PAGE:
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Audrey Tang shares Taiwan's digital democracy successes at US summit

'To give no trust is to get no trust,' says Taiwan's minister without portfolio

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Audrey Tang. (YouTube, The Summit for Democracy screenshot)

Audrey Tang. (YouTube, The Summit for Democracy screenshot)

TAIPEI (Taiwan News) — Minister without Portfolio Audrey Tang (唐鳳) encouraged other nations to consider Taiwan's example of open digital development and privacy safeguards on the second day of the U.S.-hosted Summit for Democracy.

Tang joined five other speakers, including Latvian President Egils Levits, on the Friday (Dec. 10) panel, "Countering Digital Authoritarianism and Affirming Democratic Values." Asked by moderator Thomas Carothers to elaborate on the tools Taiwan has used to foster transparency and public trust, Tang said the key is to "work not only for the people but with the people."

Tang observed that the decade between the end of martial law and Taiwan's first direct presidential election, democracy and the internet, had developed side by side. Democracy is "like a social technology" for Taiwanese, she added.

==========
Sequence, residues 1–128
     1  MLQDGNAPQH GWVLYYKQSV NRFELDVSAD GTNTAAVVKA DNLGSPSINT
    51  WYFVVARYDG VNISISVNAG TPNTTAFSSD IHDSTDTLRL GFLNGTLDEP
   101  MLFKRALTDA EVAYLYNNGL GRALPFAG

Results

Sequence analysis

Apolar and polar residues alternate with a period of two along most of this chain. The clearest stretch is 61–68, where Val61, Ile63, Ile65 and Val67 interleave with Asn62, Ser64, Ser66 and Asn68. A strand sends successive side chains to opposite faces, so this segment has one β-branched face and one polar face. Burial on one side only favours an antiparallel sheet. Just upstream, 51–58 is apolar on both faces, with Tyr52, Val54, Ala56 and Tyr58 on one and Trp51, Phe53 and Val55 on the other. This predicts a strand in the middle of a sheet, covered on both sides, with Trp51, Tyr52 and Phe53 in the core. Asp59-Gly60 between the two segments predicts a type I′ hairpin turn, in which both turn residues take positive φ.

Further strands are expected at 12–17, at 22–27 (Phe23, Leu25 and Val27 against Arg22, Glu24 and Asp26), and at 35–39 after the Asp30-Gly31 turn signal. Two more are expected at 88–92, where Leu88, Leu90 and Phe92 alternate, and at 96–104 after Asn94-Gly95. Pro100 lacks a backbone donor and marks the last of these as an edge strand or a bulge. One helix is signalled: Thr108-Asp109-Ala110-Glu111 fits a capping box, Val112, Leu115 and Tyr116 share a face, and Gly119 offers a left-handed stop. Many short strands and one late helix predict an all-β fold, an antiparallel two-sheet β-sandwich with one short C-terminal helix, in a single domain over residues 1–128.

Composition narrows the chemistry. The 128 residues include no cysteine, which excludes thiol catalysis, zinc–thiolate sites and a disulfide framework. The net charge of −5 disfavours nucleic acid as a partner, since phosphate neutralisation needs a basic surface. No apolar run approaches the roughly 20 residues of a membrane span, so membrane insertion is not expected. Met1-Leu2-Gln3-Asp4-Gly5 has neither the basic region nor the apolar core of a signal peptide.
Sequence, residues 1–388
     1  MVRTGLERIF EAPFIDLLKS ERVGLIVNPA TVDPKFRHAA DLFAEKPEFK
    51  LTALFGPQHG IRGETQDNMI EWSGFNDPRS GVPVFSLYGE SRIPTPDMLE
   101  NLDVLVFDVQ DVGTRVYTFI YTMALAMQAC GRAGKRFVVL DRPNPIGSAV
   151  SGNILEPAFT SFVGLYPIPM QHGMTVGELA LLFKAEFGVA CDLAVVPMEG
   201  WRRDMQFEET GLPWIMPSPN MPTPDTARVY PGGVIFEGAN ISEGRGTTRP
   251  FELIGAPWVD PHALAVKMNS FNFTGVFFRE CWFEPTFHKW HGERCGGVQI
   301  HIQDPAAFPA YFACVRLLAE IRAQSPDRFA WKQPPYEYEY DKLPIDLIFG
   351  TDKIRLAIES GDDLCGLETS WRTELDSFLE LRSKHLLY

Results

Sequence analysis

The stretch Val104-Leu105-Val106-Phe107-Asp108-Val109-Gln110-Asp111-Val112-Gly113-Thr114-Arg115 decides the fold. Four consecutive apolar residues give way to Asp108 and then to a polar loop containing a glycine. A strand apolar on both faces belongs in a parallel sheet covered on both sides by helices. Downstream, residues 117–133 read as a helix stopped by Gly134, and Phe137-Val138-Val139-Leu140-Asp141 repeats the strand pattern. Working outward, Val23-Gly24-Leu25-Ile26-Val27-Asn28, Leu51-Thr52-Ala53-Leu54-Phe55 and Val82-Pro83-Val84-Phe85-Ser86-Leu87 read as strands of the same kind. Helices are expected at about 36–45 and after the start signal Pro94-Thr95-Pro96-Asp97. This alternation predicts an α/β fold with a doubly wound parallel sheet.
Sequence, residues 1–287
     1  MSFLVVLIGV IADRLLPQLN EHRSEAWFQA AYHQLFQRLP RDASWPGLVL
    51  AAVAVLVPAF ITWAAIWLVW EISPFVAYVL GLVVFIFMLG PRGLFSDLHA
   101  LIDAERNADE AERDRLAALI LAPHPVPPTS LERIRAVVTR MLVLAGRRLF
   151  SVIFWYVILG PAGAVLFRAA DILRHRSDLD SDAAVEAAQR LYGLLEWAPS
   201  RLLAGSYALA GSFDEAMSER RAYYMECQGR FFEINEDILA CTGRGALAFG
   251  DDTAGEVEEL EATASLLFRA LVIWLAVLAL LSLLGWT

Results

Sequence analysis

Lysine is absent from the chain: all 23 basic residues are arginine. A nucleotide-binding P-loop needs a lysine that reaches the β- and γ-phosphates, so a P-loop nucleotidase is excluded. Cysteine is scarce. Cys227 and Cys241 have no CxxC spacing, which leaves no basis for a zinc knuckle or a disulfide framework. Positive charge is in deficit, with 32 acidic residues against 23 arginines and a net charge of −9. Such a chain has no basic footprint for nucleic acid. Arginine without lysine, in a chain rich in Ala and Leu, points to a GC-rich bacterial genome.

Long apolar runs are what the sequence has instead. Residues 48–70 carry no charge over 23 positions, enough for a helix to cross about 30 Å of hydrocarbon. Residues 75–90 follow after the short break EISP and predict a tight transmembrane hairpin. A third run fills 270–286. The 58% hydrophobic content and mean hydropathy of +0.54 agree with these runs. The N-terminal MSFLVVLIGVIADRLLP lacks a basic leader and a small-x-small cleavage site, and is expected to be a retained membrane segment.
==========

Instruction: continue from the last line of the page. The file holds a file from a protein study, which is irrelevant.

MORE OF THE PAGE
To showcase this, Tang shared how the country's widely praised private sector-developed, SMS-based contact tracing system has allowed the government to limit the spread of COVID-19 without infringing on private information. "We fought the pandemic with no lockdowns and (disinformation) infodemic with no takedowns," she said.

All location-related data is purged from the database after 28 days, Tang explained. She added that a judge had denied a police request for a warrant to access the data, on the grounds it does not constitute information, which speaks to how seriously the government has taken privacy.

As further examples of public-government collaboration on digital solutions to issues of the day, Tang cited the pollution monitoring system AirBox and the Civil IOT Taiwan program. They use Internet of Things (IoT) and AI tech to provide the public with real-time data on air, water, and earthquakes, and disaster prevention.

Tang also pointed to a recent report by human rights organization CIVICUS showing Taiwan as "the sole Asian green light on this year's CIVICUS Monitor." Taiwan was rated as having the only truly open civic space from the region.

Tang urged other democracies to adopt digital innovation and invest in civic technologies. "To give no trust is to get no trust," she said.

Taiwan's envoy to Washington Hsiao Bi-khim (蕭美琴) also represented the nation at the summit, though the de facto ambassador kept a lower profile and did not speak at any panels.

The inaugural Summit for Democracy was attended virtually joined by representatives of more than 100 governments, including reporters, activists, and members of the private sector and civil society. According to a White House spokesperson, the year following the event is meant for "consultation, coordination, and delivery," during which participants are asked to demonstrate progress on commitments they made at the summit.